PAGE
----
AUTHORITY AS AN
EYEWITNESS TO THE
WAS FROM THE
1. Instead of a formal, John adopts a virtual address (compare
To wish joy to the reader was the ancient customary address. The
sentence begun in
is broken off by the parenthetic
and is resumed at
with the repetition of some words from
That which was--not "began to be," but was essentially
(Greek, "een," not "egeneto") before He was
answering to "Him that is from the beginning"
so John's Gospel,
"In the beginning was the Word."
"I was set up from everlasting, from the beginning, or ever the
heard . . . seen . . . looked upon
. . . handled--a series rising in gradation.
Seeing is a more convincing proof than hearing of;
handling, than even seeing. "Have heard
. . . have seen" (perfect tenses), as a possession
still abiding with us; but in Greek (not as English
Version "have," but simply) "looked upon" (not perfect tense, as of
a continuing thing, but aorist, past time) while Christ
the incarnate Word was still with us. "Seen," namely, His glory, as
revealed in the Transfiguration and in His miracles; and His passion
and death in a real body of flesh and blood. "Looked upon" as a
wondrous spectacle steadfastly, deeply, contemplatively; so the
Greek. Appropriate to John's contemplative character.
hands . . . handled--Thomas and the other disciples on
distinct occasions after the resurrection. John himself had leaned on
Jesus' breast at the last supper. Contrast the wisest of the heathen
feeling after (the same Greek as here; groping
after WITH THE HANDS") if haply they might
find God (see
This proves against Socinians he is here speaking of the personal
incarnate Word, not of Christ's teaching from the beginning
of His official life.
of--"concerning"; following "heard." "Heard" is the verb most
applying to the purpose of the Epistle, namely the truth which John had
heard concerning the Word of life, that is, (Christ) the
Word who is the life. "Heard," namely, from Christ Himself,
including all Christ's teachings about Himself. Therefore he puts "of,"
or "concerning," before "the word of life," which is inapplicable to
any of the verbs except "heard"; also "heard" is the only one of the
verbs which he resumes at
2. the life--Jesus, "the Word of life."
was manifested--who had previously been "with the Father."
show--Translate as in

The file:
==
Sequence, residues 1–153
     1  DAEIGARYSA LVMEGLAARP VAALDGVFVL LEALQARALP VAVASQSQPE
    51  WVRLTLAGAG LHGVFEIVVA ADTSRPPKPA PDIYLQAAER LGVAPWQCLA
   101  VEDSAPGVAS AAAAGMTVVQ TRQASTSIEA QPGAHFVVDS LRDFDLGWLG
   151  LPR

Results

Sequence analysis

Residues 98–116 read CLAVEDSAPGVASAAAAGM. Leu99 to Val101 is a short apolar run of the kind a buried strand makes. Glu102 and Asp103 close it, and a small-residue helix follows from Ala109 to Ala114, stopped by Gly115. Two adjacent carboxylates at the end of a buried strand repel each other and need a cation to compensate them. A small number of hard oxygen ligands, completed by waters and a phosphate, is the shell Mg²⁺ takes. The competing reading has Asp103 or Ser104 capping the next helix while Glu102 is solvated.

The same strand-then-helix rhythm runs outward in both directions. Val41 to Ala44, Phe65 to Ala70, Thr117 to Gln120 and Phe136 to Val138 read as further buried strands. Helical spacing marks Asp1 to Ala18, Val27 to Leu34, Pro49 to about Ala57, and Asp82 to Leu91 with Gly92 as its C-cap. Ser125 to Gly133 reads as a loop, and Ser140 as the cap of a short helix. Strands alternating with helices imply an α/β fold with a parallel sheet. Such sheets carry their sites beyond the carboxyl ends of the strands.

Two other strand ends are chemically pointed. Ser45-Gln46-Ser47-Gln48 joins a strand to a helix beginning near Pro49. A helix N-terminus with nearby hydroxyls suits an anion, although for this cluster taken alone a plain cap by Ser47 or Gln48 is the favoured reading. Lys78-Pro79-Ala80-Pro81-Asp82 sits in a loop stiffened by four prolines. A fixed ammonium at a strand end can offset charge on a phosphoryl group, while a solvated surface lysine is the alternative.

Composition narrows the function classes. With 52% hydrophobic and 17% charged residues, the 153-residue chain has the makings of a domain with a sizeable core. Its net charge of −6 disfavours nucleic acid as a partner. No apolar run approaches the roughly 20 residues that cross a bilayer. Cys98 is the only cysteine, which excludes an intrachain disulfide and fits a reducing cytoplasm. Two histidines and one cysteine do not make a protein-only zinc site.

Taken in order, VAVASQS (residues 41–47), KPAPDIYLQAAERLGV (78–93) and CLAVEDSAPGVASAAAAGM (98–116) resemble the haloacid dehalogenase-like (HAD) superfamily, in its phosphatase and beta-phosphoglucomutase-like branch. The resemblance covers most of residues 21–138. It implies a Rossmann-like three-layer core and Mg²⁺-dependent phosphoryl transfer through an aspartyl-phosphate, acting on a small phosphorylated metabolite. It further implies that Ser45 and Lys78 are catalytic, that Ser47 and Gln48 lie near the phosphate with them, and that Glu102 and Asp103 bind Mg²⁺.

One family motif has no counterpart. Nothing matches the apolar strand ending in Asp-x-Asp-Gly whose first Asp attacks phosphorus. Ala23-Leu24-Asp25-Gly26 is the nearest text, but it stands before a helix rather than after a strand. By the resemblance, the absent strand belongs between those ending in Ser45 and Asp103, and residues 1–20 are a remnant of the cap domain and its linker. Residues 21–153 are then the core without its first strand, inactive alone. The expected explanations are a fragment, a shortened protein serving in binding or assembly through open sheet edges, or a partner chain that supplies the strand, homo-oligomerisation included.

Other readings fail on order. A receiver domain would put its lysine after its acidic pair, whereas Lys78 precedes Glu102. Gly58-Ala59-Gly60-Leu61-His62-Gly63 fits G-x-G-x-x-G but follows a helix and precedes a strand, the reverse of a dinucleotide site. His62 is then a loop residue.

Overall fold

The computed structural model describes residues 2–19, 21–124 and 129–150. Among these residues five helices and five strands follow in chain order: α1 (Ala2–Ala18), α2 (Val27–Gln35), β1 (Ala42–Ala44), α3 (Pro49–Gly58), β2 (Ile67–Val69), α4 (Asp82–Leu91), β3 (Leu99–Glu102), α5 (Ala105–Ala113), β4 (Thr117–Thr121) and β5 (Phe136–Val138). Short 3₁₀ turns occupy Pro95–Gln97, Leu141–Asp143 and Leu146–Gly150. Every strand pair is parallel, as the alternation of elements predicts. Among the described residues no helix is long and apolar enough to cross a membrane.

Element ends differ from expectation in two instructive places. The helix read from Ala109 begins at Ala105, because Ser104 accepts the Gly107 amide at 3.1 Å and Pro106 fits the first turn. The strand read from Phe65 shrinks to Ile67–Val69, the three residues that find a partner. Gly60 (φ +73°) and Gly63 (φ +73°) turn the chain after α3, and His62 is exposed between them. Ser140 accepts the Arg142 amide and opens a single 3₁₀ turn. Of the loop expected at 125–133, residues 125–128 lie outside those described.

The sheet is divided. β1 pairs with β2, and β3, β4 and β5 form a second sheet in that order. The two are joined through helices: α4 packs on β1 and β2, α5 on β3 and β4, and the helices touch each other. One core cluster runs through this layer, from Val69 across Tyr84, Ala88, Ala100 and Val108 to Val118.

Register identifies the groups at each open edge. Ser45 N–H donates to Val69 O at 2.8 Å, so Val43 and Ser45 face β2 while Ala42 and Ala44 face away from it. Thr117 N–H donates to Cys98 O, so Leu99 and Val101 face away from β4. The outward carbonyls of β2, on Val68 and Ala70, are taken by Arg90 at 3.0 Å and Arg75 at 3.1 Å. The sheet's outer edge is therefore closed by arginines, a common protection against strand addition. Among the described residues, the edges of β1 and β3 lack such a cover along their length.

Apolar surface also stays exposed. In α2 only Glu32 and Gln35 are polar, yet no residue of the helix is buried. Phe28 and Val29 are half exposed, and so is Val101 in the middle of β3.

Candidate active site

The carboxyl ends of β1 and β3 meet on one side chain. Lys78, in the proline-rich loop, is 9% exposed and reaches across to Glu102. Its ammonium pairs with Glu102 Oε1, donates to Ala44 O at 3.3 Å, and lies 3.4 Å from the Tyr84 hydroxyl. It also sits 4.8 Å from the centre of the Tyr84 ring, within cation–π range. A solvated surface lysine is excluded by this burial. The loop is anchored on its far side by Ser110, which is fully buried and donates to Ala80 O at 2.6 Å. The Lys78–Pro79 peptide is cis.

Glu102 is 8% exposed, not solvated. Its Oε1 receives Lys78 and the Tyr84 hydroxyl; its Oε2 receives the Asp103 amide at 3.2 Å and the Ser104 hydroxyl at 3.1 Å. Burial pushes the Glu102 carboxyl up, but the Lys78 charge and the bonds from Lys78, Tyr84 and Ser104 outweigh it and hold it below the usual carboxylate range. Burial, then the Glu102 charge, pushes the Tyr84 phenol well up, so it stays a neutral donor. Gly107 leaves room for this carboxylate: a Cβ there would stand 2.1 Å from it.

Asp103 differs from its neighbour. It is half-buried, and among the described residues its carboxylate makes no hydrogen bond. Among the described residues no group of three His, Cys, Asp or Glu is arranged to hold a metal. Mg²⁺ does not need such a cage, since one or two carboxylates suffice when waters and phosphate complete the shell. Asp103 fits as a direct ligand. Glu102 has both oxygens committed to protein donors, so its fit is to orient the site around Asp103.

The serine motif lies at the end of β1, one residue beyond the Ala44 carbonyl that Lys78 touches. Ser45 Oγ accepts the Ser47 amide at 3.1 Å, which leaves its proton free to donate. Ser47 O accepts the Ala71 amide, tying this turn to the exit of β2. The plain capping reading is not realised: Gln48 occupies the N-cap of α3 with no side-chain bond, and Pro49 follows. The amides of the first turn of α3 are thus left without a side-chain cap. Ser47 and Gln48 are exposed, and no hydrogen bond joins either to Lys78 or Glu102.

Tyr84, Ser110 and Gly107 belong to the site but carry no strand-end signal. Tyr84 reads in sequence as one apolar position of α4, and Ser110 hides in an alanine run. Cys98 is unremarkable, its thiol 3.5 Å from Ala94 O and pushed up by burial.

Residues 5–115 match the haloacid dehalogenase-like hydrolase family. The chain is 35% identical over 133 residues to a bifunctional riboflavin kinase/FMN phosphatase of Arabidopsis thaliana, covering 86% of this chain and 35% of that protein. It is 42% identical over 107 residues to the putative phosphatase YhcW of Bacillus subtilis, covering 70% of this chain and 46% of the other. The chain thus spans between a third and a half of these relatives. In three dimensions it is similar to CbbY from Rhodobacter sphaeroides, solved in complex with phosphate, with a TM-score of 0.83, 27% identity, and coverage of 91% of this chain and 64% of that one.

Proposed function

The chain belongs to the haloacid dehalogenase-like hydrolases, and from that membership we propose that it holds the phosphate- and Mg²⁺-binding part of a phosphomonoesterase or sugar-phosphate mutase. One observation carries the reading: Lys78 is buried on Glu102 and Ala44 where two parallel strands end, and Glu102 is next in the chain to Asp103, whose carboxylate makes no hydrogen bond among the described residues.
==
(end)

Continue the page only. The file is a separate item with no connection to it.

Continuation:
Declare is the general term; write is the particular
that eternal life--Greek, "the life which is eternal." As
the Epistle begins, so it ends with "eternal life," which we shall ever
enjoy with, and in, Him who is "the life eternal."
which--Greek, "the which." the before-mentioned
life which was with the Father "from the beginning" (compare
This proves the distinctness of the First and Second Persons in the one
3. That which we have seen and heard--resumed from
wherein the sentence, being interrupted by
parenthesis, was left incomplete.
declare we unto you--Oldest manuscripts add also; unto you
also who have not seen or heard Him.
that ye also may have fellowship with us--that ye also
who have not seen, may have the fellowship with us which
we who have seen enjoy; what that fellowship consists in he proceeds to
state, "Our fellowship is with the Father and with His Son." Faith
realizes what we have not seen as spiritually visible; not till by
faith we too have seen, do we know all the excellency of the true
Solomon. He Himself is ours; He in us and we in Him. We are "partakers
of the divine nature." We know God only by having fellowship with Him;
He may thus be known, but not comprehended. The
repetition of "with" before the "Son," distinguishes the
persons, while the fellowship or communion with
both Father and Son, implies their unity. It is not added
"and with the Holy Ghost"; for it is by the Holy Ghost or Spirit
of the Father and Son in us, that we are enabled to have fellowship
with the Father and Son (compare
Believers enjoy the fellowship OF, but not WITH, the Holy Ghost. "Through Christ God closes up the
chasm that separated Him from the human race, and imparts Himself to
them in the communion of the divine life" [NEANDER].
4. these things--and none other, namely, this whole Epistle.
write we unto you--Some oldest manuscripts omit "unto you," and
emphasize "we." Thus the antithesis is between "we" (apostles and
eye-witnesses) and "your." We write thus that your joy
may be full. Other oldest manuscripts and versions read "OUR joy," namely, that our joy may be filled full
by bringing you also into fellowship with the Father and Son.
"Fulfil ye my joy,"
Php 2:16; 4:1;